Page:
When December arrives, it always hits me in a profound way. It’s cold, wintery, and the “ending” of the annual 12-month cycle of months of each year.
Without particular formality, I always find myself pausing to seek perspective…I look back, and I take stock. I pause to look at life in the context of what is ending, what needs to end, and what might begin. I participate in my own way with the cycle of season changes.
Serendipitously, the book EXIT: The endings that set us free by Sara Lawrence-Lightfoot, called for my attention. It helped allow the metaphor of the current year’s annual ending to take on broader significance.
There are so many exits over a lifetime. Those we anticipate and those we choose seem to be the most common in our younger years as we grow and change. Then there are those that come unbidden, the welcome and not so welcome, and the ones that bring relief or bring pain, or both.
How do we notice them, make peace with them, make meaning of them, and handle them gracefully? Continue reading
Mark Twain suggests that it is simply “getting started.”
I must admit…the core operating principle of my Martha persona has been for most of my life, “get clear, and get moving.” But, I’m older now. (Sometimes I need a reminder of this reality!) I seem, these days, to be choosing a more relaxing way to do so. By starting a small daily practice…reminding myself of what I am now caring about.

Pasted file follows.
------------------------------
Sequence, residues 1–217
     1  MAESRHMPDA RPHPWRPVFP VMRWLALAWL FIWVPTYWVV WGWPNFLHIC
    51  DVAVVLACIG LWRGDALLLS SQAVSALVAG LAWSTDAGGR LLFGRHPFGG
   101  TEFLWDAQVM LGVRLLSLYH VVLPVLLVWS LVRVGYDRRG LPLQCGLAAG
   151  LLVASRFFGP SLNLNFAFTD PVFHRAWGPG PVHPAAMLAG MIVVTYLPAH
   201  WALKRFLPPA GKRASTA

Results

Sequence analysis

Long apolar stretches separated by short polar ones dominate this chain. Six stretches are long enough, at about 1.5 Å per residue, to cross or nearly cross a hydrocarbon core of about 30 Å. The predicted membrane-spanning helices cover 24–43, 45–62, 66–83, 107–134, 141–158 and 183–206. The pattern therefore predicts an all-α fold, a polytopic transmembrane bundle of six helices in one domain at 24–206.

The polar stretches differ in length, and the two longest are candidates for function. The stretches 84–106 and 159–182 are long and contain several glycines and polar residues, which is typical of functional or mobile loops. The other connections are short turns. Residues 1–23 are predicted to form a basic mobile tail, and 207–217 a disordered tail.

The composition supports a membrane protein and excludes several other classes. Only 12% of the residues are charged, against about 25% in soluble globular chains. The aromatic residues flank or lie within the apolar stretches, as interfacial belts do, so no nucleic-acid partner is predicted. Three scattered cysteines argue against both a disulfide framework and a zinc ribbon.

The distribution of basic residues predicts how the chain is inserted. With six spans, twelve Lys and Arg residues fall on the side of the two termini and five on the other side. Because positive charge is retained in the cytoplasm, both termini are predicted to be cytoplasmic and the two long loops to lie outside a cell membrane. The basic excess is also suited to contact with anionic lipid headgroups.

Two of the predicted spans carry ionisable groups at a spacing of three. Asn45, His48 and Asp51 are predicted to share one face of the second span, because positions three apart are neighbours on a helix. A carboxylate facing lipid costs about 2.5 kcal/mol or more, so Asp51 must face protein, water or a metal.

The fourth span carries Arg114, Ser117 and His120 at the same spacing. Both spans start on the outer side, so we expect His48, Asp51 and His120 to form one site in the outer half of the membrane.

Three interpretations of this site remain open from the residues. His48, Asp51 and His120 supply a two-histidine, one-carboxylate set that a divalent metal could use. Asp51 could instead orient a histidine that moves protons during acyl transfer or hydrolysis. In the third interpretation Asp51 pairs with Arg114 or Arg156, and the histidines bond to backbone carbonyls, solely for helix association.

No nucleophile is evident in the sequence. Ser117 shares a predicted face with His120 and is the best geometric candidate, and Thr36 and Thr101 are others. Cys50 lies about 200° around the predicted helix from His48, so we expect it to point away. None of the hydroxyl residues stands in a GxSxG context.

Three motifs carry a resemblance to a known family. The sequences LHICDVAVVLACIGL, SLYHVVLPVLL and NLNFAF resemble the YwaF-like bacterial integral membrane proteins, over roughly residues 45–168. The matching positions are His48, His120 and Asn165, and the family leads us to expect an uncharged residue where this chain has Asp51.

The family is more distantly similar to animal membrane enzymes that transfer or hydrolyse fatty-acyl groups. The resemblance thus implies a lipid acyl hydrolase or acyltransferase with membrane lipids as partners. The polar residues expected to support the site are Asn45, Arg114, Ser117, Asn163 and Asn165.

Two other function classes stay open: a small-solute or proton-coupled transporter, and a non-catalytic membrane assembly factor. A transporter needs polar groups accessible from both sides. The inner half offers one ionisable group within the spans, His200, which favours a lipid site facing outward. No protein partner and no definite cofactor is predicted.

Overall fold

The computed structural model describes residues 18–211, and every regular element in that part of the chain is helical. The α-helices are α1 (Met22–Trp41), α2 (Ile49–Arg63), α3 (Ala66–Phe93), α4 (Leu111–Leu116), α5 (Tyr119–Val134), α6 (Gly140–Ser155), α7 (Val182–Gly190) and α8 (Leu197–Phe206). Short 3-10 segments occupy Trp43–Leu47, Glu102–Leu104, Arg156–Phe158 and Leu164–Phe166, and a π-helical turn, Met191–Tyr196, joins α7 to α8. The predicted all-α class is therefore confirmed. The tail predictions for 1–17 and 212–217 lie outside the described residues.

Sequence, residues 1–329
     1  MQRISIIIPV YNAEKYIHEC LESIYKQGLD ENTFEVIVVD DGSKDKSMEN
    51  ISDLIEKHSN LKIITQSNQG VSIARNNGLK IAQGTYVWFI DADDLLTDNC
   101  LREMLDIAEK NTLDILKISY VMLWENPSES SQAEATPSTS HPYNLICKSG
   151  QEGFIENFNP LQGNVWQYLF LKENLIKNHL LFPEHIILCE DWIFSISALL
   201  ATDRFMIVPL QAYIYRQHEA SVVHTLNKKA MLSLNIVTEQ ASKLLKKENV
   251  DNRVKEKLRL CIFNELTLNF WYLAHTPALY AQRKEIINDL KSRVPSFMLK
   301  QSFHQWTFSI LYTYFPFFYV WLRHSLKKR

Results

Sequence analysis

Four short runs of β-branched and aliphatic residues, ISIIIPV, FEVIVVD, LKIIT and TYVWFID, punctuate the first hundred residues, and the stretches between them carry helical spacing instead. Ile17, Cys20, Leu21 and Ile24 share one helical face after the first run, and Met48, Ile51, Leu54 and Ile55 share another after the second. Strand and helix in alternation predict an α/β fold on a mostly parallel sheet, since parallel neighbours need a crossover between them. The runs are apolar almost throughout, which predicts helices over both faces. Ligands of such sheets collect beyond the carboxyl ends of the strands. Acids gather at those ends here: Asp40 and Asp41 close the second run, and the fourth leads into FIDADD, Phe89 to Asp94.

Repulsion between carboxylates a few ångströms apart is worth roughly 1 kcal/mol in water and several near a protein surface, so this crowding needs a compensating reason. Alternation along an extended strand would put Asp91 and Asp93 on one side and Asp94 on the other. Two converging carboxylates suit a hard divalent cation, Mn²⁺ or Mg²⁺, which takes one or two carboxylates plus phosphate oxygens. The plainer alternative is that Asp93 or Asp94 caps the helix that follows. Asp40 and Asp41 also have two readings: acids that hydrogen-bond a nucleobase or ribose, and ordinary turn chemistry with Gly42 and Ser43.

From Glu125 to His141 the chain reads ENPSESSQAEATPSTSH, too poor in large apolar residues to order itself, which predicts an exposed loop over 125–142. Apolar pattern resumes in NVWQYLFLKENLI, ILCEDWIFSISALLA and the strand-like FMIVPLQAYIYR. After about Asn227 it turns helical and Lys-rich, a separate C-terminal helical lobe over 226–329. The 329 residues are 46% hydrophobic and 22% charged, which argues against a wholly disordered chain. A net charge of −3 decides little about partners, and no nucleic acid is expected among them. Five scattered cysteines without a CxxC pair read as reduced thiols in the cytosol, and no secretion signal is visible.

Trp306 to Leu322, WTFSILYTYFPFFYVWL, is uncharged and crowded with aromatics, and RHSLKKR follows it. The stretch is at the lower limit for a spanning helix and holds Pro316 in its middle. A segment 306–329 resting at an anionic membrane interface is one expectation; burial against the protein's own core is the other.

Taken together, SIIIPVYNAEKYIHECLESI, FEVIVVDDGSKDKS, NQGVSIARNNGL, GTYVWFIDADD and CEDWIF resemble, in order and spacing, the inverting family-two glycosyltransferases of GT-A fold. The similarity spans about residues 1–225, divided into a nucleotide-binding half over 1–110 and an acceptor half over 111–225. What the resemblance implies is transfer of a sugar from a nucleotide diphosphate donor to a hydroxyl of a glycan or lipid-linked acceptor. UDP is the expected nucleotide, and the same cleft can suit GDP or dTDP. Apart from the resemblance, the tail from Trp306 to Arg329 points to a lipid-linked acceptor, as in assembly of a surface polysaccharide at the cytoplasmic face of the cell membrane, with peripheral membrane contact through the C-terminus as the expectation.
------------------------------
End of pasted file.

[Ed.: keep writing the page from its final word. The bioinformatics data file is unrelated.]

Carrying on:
Inspired by friends who shared their daily “gratitude practice” in this season of Thanksgiving, I created something I think will work for me. Since a “daily” practice is new for me, we’ll see if I can maintain it in a way that nourishes. I’ve selected three questions which my readers will undoubtedly recognize, ones which either remind me or serve to acknowledge that I’m moving in the direction of choice as a woman soon to be 77. They are:
- How am I living fully?
- How am I aging gracefully?
- How am I befriending my death?
Yesterday’s answers WERE nourishing: Continue reading
The leaves are falling, the colors changing. Today I felt the chill of winter in my bones, while at the same time welcoming the warmth of finally “knowing.” My recent public “gigs” on Third Chapter Mastery™ have deepened my commitment to create spaces where those over 60 can give themselves permission to prepare for their remaining years. I want to bring clarity and courage and a regret-free third chapter life to all those who seek that result for themselves. That’s my mission. That’s “what’s so” for me.
As I speak to groups, I note among participants a real hunger to articulate the queries that arise as they face this gift of longevity as the unexpected phenomenon it has been. “How will I navigate these next 20 or 30 or more, years?” Continue reading